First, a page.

Defendants move to dismiss this action because Indelicato failed to exhaust his administrative remedies before filing a complaint in this Court. The PLRA provides that "[n]o action shall be brought with respect to prison conditions under . . . Federal law, by a prisoner . . . until such administrative remedies as are available are exhausted." 42 U.S.C. § 1997 (e)(a). In Porter v. Nussle, ___ U.S. ___, 122 S.Ct. 983, 992 (2002), the Supreme Court held that the PLRA's exhaustion requirement applies to all inmate suits related to prison conditions. This requirement extends to cases, such as this one, where a plaintiff seeks a remedy not available through the administrative process, such as monetary damages. See Booth v. Churner, 532 U.S. 731, 733-34 (2001) (holding that exhaustion is required under the PLRA even if the plaintiff seeks only money damages and money damages are not available as relief). The purpose of the exhaustion requirement is to improve prison administration, filter out frivolous claims, and clarify the contours of controversies for cases that are ultimately brought to court. Porter, 122 S.Ct. at 988.

In the instant case, Indelicato was required to seek administrative relief under the BOP's four-step Administrative Remedy Program (the "ARP"). Under the ARP, an inmate must first attempt to informally resolve his claims. See 28 C.F.R. § 542.13 (a). Second, if dissatisfied with the informal resolution, the inmate must use a designated form to submit a written "Administrative Remedy Request" to the Warden within twenty days of the events triggering the complaint. See 28 C.F.R. § 542.14 (a). Third, if the formal request is denied, the inmate must appeal to the appropriate BOP Regional Director. See 28 C.F.R. § 15 (a). Finally, an inmate must appeal a negative decision by the BOP Regional Director to the BOP's Office of General Counsel within thirty days of the date of the Regional Counsel's decision. Id. The inmate may file an action in federal court only after these four steps have been completed.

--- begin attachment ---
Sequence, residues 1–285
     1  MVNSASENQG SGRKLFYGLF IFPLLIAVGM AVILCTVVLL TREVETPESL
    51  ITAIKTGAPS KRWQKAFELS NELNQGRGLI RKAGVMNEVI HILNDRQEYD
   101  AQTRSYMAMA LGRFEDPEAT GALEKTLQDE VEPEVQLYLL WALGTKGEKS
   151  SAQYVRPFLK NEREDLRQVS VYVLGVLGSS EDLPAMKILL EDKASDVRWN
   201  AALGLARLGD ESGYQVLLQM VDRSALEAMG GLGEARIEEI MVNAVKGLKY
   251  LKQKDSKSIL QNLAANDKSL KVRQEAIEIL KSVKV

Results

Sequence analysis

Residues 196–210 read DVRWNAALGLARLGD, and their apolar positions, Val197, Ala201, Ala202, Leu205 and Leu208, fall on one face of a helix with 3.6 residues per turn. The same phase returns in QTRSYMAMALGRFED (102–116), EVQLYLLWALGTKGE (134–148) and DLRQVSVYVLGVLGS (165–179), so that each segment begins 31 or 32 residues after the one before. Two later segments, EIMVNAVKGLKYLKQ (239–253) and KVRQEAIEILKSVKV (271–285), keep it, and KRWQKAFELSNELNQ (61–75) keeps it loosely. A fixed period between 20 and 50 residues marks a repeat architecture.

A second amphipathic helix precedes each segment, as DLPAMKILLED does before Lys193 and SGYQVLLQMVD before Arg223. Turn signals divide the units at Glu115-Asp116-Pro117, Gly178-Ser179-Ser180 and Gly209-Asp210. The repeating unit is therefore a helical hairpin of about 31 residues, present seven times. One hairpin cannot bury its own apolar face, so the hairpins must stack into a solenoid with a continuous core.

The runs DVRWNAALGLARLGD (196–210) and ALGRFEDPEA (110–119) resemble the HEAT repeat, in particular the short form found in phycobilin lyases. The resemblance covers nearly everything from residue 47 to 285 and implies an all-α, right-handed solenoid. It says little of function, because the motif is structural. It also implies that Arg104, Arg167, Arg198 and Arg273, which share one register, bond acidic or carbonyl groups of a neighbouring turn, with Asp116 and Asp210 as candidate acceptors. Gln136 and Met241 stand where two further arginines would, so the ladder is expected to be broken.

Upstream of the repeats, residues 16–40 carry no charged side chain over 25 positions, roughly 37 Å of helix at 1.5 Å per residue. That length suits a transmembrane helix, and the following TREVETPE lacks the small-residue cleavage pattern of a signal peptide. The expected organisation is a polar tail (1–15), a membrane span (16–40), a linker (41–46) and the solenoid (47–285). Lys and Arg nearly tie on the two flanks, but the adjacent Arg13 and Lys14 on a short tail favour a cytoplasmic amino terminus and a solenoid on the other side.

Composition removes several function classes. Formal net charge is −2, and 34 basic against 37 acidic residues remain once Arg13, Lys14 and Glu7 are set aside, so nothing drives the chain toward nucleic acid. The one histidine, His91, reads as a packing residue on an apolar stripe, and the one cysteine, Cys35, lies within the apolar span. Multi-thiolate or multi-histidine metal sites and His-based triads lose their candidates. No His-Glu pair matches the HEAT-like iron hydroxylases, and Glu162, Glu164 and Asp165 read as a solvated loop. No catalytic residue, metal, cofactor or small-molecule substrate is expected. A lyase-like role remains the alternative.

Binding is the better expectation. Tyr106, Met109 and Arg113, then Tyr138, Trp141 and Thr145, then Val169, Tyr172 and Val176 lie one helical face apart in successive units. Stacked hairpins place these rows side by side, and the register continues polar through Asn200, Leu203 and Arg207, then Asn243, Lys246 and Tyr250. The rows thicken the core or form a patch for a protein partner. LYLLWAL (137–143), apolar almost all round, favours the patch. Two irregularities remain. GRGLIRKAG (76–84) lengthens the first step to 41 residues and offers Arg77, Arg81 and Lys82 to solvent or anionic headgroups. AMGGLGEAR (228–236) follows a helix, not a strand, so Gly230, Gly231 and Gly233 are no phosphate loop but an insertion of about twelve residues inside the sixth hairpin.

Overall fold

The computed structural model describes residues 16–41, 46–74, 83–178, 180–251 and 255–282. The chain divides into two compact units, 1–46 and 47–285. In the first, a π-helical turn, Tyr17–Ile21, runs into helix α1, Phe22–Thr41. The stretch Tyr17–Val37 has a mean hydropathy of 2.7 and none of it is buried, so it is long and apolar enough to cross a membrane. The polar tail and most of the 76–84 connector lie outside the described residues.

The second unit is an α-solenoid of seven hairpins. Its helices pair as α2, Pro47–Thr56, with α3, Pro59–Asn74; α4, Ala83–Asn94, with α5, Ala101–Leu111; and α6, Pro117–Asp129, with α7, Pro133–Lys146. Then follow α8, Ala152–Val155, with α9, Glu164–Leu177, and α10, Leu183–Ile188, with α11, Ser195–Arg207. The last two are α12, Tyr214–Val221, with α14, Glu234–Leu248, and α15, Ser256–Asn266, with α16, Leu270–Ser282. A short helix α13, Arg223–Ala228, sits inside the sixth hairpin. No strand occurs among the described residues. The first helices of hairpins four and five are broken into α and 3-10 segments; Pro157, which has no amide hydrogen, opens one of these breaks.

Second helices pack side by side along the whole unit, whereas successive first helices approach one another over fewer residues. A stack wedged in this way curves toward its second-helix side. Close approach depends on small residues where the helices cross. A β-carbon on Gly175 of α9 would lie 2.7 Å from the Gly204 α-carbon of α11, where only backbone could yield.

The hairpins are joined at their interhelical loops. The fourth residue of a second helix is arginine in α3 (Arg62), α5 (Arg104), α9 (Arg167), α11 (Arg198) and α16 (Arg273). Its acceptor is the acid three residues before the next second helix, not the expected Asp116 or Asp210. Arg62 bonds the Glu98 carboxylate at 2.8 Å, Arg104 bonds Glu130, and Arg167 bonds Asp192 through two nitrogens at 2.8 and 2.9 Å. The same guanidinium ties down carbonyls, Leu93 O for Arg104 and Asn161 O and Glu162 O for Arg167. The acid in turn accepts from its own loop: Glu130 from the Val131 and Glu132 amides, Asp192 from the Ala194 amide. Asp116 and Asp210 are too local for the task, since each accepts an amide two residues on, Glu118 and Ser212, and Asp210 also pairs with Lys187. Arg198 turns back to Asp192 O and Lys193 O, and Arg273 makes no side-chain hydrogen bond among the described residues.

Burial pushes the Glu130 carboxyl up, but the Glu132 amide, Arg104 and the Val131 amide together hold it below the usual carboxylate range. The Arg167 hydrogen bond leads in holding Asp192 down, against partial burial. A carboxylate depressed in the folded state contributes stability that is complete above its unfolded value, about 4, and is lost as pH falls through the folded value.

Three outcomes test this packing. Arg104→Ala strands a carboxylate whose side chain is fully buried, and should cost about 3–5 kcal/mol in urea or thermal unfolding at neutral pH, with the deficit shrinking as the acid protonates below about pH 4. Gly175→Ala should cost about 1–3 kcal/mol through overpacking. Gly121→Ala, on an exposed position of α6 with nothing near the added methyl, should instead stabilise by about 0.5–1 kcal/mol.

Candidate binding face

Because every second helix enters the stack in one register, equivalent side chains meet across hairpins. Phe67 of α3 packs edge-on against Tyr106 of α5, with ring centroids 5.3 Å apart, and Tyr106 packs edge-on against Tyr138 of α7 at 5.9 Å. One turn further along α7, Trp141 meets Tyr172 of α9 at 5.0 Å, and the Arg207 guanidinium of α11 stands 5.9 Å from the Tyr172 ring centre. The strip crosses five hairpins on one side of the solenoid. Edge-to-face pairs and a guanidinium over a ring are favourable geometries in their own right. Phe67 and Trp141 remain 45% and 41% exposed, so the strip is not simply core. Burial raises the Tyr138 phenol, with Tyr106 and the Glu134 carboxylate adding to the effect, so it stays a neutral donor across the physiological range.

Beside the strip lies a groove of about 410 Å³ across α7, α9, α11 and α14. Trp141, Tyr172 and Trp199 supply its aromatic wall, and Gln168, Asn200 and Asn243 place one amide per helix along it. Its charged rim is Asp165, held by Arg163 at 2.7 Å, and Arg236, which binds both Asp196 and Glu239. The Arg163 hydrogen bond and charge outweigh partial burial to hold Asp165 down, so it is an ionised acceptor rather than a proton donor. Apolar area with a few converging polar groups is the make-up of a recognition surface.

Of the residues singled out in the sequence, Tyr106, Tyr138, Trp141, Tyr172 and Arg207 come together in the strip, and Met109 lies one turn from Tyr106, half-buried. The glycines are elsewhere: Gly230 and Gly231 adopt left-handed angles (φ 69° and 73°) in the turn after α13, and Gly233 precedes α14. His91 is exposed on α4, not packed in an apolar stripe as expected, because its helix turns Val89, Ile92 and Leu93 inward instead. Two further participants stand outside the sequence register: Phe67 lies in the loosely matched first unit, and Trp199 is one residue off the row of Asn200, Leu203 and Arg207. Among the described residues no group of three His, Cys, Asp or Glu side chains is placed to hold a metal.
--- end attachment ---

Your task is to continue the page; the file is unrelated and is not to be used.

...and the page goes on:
Indelicato does not allege that he completed the ARP's four steps before filing his complaint in this Court.*fn2 Rather, Indelicato contends that he exhausted all of his available remedies after he completed step one, because the grievance form required in step two was not available to him. (Compl. ¶¶ 2, v(e); Pl.'s Mem. at 4-5.) An inmate may defeat a motion to dismiss even if he has not technically exhausted his administrative remedies when he has made a "reasonable attempt" to do so, "especially where it is alleged that corrections officers failed to file the inmate's grievances or otherwise impeded or prevented his efforts." O'Connor v. Featherston, No. 01 Civ. 3251, slip op., 2002 WL 818085, at *2 (S.D.N.Y. Apr. 29, 2002). The question before this Court, therefore, is whether Indelicato made a "reasonable effort" to exhaust his administrative remedies before filing his claim.

Indelicato claims that: (1) he made a reasonable effort by requesting the step-two grievance form three times; and (2) because his requests were denied, he had no available administrative remedies.*fn3 Inmates who have made significant efforts to obtain administrative relief have exhausted their administrative remedies, even when they have not pursued the proper procedure. See O'Connor, 2002 WL 818085, at *2-3 (holding that plaintiff who was denied requests for forms by unhelpful prison officials but went on to write letters, file and appeal a FOIA request, and make several other inquiries, had made a reasonable attempt to exhaust his administrative remedies); Rodriguez v. Hahn, No. 99 Civ. 11663, 2000 WL 1738424, at *2 (S.D.N.Y. Nov. 22, 2000) (holding that a pro se plaintiff who was unfamiliar with the process and failed to file a grievance form, but wrote numerous letters and memoranda to various prison officials had made a reasonable attempt to exhaust his administrative remedies). Denial of forms, however, does not itself constitute a denial of remedies. See M.F. v. Reish, No. 95 Civ. ...